For the uninitiated (much like myself), I'll give a brief synopsis of the film's story. Young Peter Quill is a boy losing his mother to cancer in 1988. Unfortunately, he spurns his mother's affections at the time of her death, due to his own fears and sense of loss. Right after she dies and he freaks out, he is taken out of her hospital room and subsequently runs outside and cries. Within seconds, he is captured by aliens. The film immediately jumps 26 years into the future, and Peter Quill is a self-described 'legendary space outlaw' going by the alias Star-Lord. He is attempting to steal an item of great value (an ancient orb) so he can hock it on the rare antiquities market. He is briefly taken into custody by a small band of men, but escapes and returns to the planet Xandar to sell the item, only to be turned down by The Broker when he discovers that the item was also being pursued by the Kree zealot Ronin. After this encounter, he runs into Gamora, who is attempting to get the orb for herself, under the guise of stealing it for Ronin. As she and Quill trade blows over the orb, Rocket and Groot (a robotic-ally enhanced raccoon, and a walking tree/plant) attempt to capture Quill for the rather large bounty on his head. As one can imagine, hilarity ensues.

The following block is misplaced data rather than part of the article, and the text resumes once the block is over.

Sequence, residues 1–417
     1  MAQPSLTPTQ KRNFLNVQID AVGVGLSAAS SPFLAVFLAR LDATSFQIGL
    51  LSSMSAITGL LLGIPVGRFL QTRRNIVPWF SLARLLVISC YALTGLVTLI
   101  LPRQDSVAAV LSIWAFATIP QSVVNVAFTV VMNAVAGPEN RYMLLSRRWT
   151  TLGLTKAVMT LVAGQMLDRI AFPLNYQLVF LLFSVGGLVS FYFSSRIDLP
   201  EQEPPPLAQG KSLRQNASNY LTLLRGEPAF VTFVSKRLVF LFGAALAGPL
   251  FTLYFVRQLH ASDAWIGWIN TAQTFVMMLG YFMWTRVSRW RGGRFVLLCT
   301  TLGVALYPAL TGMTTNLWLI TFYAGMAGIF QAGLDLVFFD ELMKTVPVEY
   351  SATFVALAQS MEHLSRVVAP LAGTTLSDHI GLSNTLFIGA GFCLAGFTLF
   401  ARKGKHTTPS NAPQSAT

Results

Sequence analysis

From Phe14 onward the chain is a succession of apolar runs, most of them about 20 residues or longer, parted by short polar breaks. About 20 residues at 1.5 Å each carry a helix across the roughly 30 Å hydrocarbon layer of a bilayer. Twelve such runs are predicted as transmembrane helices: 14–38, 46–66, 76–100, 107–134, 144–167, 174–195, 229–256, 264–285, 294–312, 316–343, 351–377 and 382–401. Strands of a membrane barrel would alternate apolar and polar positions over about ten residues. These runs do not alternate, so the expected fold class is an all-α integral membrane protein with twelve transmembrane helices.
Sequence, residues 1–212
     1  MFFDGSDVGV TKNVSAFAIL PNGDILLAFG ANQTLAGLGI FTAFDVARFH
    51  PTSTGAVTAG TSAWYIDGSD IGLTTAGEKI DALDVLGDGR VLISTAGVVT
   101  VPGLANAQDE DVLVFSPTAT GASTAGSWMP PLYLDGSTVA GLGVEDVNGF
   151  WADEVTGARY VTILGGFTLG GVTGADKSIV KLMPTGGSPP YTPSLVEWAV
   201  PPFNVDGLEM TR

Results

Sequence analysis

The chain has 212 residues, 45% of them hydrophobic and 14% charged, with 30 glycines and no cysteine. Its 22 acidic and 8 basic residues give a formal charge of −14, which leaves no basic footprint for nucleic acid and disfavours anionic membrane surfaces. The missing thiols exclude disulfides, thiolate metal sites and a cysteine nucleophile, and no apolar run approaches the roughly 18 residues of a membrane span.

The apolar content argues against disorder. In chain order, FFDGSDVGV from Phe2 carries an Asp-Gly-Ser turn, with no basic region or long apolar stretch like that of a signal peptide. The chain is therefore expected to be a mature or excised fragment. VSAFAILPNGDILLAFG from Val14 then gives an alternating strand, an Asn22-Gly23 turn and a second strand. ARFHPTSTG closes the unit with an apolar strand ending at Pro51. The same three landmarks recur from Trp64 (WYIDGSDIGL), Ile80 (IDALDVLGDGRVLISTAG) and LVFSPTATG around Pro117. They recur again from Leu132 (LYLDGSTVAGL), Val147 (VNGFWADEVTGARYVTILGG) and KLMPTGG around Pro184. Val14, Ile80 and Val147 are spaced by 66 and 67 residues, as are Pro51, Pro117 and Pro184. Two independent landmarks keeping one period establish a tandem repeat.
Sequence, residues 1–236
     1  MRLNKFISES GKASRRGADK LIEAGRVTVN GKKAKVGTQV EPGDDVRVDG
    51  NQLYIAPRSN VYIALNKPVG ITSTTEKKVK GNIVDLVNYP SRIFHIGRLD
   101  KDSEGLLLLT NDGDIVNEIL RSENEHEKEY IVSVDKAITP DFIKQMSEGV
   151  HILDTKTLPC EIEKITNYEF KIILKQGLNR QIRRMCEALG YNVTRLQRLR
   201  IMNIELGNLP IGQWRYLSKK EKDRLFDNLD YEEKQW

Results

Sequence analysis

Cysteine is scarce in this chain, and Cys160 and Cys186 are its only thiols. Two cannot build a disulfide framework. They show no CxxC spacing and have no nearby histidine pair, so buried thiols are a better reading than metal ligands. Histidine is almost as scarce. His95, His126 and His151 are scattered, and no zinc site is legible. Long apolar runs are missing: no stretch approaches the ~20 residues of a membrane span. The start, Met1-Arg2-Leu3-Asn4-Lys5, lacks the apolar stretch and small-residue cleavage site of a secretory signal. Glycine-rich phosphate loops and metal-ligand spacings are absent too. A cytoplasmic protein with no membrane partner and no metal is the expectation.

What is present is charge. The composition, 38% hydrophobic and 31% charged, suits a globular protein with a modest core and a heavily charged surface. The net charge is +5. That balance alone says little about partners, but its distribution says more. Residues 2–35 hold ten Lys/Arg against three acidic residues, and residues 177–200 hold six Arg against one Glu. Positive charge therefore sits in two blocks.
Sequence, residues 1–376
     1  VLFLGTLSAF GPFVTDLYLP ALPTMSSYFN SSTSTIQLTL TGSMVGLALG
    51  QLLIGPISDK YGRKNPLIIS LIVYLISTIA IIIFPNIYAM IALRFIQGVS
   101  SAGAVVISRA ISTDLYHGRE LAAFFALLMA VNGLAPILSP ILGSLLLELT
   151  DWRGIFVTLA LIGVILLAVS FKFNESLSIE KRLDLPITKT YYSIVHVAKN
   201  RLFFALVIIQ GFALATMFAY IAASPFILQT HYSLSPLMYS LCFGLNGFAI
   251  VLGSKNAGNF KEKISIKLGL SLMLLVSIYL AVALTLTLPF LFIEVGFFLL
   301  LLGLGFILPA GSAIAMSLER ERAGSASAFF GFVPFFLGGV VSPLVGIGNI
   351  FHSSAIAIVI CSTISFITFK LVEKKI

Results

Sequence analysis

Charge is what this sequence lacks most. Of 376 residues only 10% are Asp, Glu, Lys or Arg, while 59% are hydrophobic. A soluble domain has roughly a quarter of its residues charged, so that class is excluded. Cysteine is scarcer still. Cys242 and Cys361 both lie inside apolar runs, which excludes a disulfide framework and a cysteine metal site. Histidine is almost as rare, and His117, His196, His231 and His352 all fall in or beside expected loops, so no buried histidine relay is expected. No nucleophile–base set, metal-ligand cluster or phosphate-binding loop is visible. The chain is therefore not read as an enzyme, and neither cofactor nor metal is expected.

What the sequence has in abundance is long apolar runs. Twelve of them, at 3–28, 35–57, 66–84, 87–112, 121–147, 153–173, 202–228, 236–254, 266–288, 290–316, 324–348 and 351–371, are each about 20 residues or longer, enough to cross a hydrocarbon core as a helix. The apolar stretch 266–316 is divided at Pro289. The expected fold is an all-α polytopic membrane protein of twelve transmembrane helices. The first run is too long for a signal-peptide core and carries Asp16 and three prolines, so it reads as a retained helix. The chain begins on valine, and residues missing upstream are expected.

As one can already tell from the movie trailers and previews, these 4 colorful characters get captured by the Nova Corps (GotG's own intergalactic police force), and are sent to a prison colony to serve time for being so doggone disruptive. There, they meet Drax, who attempts to kill Gamora due to her affiliation with Ronan, a fanatical Kree who killed Drax's wife and daughter. Quill talks Drax out of it, however, and ultimately, the 5 team up temporarily to attempt a prison break so they can escape and take the Orb to Gamora's buyer for a giant fortune. As the story progresses, the characters poke at one another verbally, occasionally scrap over minor issues, but ultimately, form a loose bond that strengthens as they go through various situations with one another that require them to rely upon one another, despite any misgivings they have in doing so. Without spoiling the whole story, the characters eventually decide to team up in a more official capacity to stop Ronan from committing genocide against the Xandarians by using the Infinity Stone that was encased in the Orb that Quill originally stole, which was stolen from him by Gamora's "sister" Nebula (on loan to Ronin from universal overlord Thanos). If that sounds complicated, it's really not - I'm just boiling it down to keep from revealing the entire plot.